Dynasty Rankings Movement Week 2 - Footballguys

Footballguys staff and the reasoning behind the movement

Each week, Footballguys staff members will share the big movers in their respective dynasty rankings. Since the contributors will rotate, please check in weekly. The focus of this article will be on the “why” more than the movement itself. Dynasty Rankings are fluid and we hope that sharing the rationale will help you in your quest to create dynasties with all your teams. The diversity of rankings will result in a variety of opinions weekly.



Alex Smith - Smith has been routinely underrated by the dynasty community. Smith is not a flashing option, but his combination of mobility, decision-making, and a lack of turnovers is a breath of fresh air for the Washington offense. In Week 1, Smith elevated the weapons around him to an impressive road win.

Tyrod Taylor - It was a concerning performance for Taylor in Week 1. There are no excuses in Cleveland anymore with a talented roster, especially at the skill positions around Taylor. However, Taylor was jittery in the pocket, inaccurate, and looking to run before exhausting his progressions. Taylor was the main reason Cleveland tied instead of won against divisional rival Pittsburgh and when, not if, Baker Mayfield replaces him has to be the question in the coming weeks without a stark uptick in performance.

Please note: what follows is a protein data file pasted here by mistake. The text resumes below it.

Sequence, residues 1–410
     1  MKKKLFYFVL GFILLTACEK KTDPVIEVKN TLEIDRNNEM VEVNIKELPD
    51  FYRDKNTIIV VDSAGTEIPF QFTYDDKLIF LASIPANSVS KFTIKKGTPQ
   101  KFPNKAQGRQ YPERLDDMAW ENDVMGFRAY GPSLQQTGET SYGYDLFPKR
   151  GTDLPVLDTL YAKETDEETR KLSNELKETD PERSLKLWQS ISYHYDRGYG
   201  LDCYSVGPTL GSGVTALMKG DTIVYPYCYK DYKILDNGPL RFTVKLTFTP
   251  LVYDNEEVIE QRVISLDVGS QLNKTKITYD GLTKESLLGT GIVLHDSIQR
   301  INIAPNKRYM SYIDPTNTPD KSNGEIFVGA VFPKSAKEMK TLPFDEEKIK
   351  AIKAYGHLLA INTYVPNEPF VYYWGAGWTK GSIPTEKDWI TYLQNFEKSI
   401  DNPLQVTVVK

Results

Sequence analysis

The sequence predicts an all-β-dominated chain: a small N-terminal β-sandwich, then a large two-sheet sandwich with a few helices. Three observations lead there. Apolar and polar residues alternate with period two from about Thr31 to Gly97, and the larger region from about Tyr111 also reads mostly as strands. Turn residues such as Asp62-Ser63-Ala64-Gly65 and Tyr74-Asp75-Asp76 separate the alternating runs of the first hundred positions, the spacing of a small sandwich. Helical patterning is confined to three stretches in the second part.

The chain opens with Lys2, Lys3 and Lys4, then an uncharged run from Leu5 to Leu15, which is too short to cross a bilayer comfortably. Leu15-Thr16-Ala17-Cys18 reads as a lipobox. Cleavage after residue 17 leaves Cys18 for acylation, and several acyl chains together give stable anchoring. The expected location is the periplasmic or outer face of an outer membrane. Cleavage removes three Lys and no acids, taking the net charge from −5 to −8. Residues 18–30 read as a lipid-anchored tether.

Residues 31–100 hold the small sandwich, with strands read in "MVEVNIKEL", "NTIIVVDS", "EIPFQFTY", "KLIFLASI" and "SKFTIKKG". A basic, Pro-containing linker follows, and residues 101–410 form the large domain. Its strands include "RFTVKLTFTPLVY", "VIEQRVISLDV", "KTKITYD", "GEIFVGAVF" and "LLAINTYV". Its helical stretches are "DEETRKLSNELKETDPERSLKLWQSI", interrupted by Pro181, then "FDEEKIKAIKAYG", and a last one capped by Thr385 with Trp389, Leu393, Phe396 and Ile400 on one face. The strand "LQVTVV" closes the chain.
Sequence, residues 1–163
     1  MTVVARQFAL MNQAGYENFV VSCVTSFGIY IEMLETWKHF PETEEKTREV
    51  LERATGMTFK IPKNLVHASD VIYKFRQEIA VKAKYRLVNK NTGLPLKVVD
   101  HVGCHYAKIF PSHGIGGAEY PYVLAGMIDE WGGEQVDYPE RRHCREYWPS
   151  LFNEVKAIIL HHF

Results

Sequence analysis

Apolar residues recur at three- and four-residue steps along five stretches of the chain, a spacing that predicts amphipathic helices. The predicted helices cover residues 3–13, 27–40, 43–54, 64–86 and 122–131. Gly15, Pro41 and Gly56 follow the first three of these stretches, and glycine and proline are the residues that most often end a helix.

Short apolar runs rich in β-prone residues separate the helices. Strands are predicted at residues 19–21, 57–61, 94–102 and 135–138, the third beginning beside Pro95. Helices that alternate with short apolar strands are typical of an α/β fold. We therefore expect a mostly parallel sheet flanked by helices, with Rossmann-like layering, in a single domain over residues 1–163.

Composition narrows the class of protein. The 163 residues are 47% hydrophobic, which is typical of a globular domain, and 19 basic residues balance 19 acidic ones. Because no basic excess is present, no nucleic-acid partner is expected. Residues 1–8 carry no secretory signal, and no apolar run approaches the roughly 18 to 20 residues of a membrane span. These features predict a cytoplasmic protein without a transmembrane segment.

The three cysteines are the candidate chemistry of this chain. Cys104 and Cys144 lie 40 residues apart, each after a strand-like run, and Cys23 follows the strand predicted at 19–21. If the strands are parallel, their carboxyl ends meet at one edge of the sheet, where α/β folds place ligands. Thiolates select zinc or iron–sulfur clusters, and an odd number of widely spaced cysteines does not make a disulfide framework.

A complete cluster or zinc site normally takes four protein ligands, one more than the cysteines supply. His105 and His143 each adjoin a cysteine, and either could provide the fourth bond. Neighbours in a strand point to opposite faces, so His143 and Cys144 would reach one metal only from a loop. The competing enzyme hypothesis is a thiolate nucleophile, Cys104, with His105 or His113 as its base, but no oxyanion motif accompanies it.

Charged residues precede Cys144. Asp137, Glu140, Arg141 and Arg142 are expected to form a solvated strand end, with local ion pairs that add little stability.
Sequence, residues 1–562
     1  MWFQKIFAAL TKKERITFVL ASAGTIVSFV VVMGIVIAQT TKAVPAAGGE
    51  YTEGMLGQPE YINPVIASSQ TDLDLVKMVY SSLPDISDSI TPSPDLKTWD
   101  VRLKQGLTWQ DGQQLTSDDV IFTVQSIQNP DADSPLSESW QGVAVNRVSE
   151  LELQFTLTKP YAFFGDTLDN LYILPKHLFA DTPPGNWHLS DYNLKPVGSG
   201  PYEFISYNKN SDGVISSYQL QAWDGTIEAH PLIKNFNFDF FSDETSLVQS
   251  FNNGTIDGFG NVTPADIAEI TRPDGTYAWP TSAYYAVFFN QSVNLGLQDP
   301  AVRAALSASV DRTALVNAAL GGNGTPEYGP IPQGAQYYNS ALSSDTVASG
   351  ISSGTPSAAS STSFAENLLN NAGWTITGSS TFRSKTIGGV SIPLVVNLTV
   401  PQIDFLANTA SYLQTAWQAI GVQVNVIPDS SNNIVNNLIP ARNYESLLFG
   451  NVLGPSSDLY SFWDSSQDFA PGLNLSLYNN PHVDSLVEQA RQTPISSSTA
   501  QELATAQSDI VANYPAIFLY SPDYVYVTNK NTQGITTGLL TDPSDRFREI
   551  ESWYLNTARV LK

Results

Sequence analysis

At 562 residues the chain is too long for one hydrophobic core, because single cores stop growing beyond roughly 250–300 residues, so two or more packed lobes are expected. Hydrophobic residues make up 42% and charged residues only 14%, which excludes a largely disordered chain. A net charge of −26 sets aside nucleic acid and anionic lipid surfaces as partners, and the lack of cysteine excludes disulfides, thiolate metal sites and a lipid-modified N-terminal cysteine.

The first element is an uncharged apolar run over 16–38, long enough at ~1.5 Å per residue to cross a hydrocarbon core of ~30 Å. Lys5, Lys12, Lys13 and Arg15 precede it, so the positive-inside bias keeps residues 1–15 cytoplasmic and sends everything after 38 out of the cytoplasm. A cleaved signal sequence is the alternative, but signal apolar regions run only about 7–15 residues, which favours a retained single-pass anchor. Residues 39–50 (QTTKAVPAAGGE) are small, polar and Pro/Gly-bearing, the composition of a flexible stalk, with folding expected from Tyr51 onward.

Andrew Luck - There were questions and uncertainties surrounding Andrew Luck and his return for the Colts. He had 53 pass attempts in a losing effort in Week 1 that included 39 completions, two touchdowns and 319 yards passing. Marlon Mack (hamstring) was not present in Week 1, which likely had an impact on the Colts offensive game plan, but the writing on the wall is that Luck and the Colts will be passing an awful lot this year. Not only does Luck look healthy enough to be a reliable quarterback, but the game scripts that dictate high volume performances look to be in his favor.

Jameis Winston - There were whispers of the Buccaneers not being happy with Jameis Winston, both as a quarterback on the field and how he represents himself and the team off the field. The impressive 400-yard, 4 touchdown performance of Ryan Fitzpatrick in Week 1 may be enough for Tampa Bay to consider sticking with Fitzpatrick even when Winston returns from a three-game suspension. If he's not starting, he doesn't belong in the rankings ahead of other starting quarterbacks. Winston drops way down my rankings as a result.